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16. CHAPTER SIXTEEN (continued)
Fanny's eyes were searching the packed rails. "Ted!" she called, and choked back a sob. "Teddy!" Still she did not see him. She was searching, womanlike, for a tall, blondish boy, with a sulky mouth, and humorous eyes, and an unruly lock of hair that would insist on escaping from the rest and straggling down over his forehead. I think she was even looking for a boy with a violin in his arms. A boy in knickers. Women lose all sense of time and proportion at such times. Still she did not see him. The passengers were filing down the gangplank now; rushing down as quickly as the careful hands of the crew would allow them, and hurling themselves into the arms of friends and family crowded below. Fanny strained her eyes toward that narrow passageway, anxious, hopeful, fearful, heartsick. For the moment Olga and the baby did not exist for her. And then she saw him.
She saw him through an unimaginable disguise. She saw him, and knew him in spite of the fact that the fair-haired, sulky, handsome boy had vanished, and in his place walked a man. His hair was close-cropped, German-fashion; his face careworn and older than she had ever thought possible; his bearing, his features, his whole personality stamped with an unmistakable distinction. And his clothes were appallingly, inconceivably German. So she saw him, and he was her brother, and she was his sister, and she stretched out her arms to him.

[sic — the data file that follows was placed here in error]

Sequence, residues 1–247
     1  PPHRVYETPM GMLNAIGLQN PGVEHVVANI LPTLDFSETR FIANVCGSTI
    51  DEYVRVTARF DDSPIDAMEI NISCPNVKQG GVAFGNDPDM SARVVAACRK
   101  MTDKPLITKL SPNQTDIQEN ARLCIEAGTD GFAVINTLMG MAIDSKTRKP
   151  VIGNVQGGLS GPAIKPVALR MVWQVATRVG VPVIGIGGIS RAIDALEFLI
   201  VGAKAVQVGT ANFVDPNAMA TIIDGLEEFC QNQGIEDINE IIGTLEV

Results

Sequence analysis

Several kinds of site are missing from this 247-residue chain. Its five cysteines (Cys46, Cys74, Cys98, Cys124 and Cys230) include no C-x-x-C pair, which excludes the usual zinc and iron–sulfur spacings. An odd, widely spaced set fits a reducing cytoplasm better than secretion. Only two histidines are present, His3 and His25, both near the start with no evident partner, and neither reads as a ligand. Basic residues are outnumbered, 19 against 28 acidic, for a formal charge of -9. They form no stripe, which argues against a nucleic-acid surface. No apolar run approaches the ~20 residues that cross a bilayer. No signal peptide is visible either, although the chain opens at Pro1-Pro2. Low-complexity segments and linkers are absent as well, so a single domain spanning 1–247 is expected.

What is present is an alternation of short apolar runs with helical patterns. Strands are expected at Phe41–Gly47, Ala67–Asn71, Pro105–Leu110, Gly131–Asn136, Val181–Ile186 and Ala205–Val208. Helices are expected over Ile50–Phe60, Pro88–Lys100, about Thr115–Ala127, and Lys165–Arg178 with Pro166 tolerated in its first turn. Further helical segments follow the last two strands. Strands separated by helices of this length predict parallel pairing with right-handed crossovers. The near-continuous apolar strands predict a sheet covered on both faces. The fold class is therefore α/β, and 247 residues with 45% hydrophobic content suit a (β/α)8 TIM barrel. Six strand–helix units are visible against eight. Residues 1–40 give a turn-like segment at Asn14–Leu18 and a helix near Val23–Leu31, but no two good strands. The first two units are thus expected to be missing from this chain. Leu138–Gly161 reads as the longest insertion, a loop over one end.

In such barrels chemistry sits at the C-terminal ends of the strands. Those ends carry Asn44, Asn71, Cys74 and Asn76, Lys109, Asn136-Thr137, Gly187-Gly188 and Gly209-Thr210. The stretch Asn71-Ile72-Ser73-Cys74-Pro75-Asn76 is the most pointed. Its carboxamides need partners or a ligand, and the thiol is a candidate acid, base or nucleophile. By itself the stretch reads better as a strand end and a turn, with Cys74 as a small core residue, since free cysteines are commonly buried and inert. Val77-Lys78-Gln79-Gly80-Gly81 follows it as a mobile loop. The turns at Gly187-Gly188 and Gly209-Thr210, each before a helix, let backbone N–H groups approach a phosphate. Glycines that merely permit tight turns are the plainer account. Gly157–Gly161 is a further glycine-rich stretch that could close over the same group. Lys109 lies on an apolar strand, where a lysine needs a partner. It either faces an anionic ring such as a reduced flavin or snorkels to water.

"Teddy!" She hugged him close, her face buried in his shoulder. "Teddy, you--you Spitzbube you!" She laughed at that, a little hysterically. "Not that I know what a Spitzbube is, but it's the Germanest word I can think of." That shaven head. Those trousers. That linen. The awful boots. The tie! "Oh, Teddy, and you're the Germanest thing I ever saw." She kissed him again, rapturously.
He kissed her, too, wordlessly at first. They moved aside a little, out of the crowd. Then he spoke for the first time.
"God! I'm glad to see you, Fanny." There was tragedy, not profanation in his voice. His hand gripped hers. He turned, and now, for the first time, Fanny saw that at his elbow stood a buxom, peasant woman, evidently a nurse, and in her arms a child. A child with Molly Brandeis' mouth, and Ferdinand Brandeis' forehead, and Fanny Brandeis' eyes, and Theodore Brandeis' roseleaf skin, and over, and above all these, weaving in and out through the whole, an expression or cast--a vague, undefinable thing which we call a resemblance--that could only have come from the woman of the picture, Theodore Brandeis' wife, Olga.
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